City School’s Science Fair Project on Racial IQ Sparks Outrage

Diana Lambert and Anita Chabria, Sacramento Bee, February 10, 2018

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Students, parents and staff at C.K. McClatchy High School are upset over a science fair project by a student in its elite magnet program that questioned whether certain races of people lack the intelligence to handle the program’s academically challenging coursework.

Some of those outraged by the racially charged project say it points to larger problems: the lack of ethnic diversity in the school’s elite HISP program.

The project that started the controversy was titled “Race and IQ.” It raised the hypothesis: “If the average IQs of blacks, Southeast Asians, and Hispanics are lower than the average IQs of non-Hispanic whites and Northeast Asians, then the racial disproportionality in (HISP) is justified.”

The project was put on display with others on Monday afternoon to be judged by a team of community members as part of the fourth annual Mini Science Fair. It was removed Wednesday morning after students, parents and staff complained. The science fair was open to students and parents.

The controversial project also included a bibliography and quotes from five books, one a text from 1904 called “The Essential Kafir” that argued South African blacks were intellectually inferior to whites. The term “kaffir” has since evolved into a racial slur in South Africa, where it is sometimes referred to as the “k-word.”

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She said the student who prepared the report has a history of making racist remarks in class. He is described by peers as a boy of Asian descent and a participant in the accelerated Humanities and International Studies program, or HISP. The Sacramento Bee did not speak to the student and is not identifying the minor.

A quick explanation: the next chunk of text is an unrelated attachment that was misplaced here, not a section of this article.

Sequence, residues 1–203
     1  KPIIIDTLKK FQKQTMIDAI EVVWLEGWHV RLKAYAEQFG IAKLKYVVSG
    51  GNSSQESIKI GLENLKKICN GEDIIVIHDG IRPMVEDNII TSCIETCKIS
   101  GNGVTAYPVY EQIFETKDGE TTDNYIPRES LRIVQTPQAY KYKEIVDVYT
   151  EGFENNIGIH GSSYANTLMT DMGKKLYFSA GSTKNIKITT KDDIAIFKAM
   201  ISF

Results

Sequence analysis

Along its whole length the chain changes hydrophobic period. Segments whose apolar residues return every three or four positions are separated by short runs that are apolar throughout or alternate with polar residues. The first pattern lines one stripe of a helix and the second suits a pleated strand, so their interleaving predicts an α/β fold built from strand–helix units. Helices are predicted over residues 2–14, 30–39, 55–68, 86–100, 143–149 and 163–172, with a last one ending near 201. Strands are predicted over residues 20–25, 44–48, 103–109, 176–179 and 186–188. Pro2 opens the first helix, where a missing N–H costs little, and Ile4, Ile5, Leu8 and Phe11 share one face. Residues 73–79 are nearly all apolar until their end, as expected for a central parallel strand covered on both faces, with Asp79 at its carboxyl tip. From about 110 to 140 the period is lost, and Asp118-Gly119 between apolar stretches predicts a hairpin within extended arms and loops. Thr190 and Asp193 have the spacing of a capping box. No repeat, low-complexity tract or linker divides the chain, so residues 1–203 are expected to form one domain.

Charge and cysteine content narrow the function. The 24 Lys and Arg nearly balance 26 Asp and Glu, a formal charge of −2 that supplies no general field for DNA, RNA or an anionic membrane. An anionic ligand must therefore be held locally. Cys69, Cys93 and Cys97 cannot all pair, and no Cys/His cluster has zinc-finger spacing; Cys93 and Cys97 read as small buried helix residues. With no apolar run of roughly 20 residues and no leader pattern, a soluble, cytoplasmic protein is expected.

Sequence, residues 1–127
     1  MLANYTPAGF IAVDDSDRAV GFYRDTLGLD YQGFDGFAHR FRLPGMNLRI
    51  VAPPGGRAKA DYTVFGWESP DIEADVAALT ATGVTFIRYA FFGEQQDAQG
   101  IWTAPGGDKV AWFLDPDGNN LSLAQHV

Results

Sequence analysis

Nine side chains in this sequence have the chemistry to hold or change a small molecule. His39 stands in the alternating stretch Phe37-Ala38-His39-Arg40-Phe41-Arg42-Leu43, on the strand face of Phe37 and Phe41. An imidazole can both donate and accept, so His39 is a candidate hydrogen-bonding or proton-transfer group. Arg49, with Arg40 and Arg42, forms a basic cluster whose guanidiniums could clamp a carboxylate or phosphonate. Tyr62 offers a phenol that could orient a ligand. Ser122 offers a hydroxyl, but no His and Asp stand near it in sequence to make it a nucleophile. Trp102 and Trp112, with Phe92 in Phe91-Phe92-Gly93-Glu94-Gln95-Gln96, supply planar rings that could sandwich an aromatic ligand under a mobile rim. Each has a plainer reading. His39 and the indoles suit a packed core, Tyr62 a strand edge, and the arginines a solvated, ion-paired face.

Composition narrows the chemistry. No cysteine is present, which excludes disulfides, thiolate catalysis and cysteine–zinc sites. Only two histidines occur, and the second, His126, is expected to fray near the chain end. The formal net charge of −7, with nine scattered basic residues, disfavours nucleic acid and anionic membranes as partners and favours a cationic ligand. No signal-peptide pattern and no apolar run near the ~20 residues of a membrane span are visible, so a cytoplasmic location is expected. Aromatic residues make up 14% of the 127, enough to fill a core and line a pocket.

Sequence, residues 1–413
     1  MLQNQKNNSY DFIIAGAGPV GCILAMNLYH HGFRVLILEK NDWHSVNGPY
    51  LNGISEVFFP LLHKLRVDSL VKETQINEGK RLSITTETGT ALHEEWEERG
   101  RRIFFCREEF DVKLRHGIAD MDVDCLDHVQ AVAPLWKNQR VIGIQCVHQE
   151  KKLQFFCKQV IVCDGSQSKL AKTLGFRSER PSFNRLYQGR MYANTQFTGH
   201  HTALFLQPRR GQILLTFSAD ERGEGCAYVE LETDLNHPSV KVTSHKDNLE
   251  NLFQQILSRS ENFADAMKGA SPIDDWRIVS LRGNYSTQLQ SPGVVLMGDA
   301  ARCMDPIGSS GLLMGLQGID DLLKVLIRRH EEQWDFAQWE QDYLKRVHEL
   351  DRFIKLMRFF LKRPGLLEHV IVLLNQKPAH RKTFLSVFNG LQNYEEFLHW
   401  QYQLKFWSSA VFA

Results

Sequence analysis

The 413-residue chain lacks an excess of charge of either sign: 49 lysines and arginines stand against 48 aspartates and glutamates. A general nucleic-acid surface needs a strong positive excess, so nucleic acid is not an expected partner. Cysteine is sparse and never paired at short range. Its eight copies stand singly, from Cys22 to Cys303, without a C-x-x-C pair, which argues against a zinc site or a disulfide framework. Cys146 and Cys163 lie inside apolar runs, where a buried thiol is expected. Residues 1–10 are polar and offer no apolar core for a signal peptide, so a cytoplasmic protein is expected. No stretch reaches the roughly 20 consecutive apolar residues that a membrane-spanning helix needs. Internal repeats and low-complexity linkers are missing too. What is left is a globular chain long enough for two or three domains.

The HISP program is designed to promote cultural awareness and sensitivity. Often, it includes alternative viewpoints on history. For example, one HISP student said that while learning about Christopher Columbus, students also learned about “the Indian genocide” and the perspective of Native Americans on white settlers.

The program currently has 508 students enrolled, including 12 African American students, 80 Hispanic students and 104 who are Asian, according to data provided by the district.

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The idea of race being tied to intelligence has a long and controversial history and is considered fringe. {snip}

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Many notions involving ethnicity and ability are popular with the so-called alternative right movement, and have gained increased prominence recently as topics of race and immigration have dominated national rhetoric. {snip}

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The McClatchy student tested his race and intelligence hypothesis by having a handful of unidentified teens of various races take an online intelligence test.

His report concluded that, “the lower average IQs of blacks, Southeast Asians, and nonwhite Hispanics means that they are not as likely as non-Hispanic whites and Northeast Asians to be accepted into a more academically rigorous program such as HISP. Therefore, the racial disproportionality of HISP is justified.”

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[Chrysanthe] Vidal, who said she is one of four African American students in her senior class, said the incident reflects an undercurrent of racism at the school, although she hasn’t experienced blatant racism.

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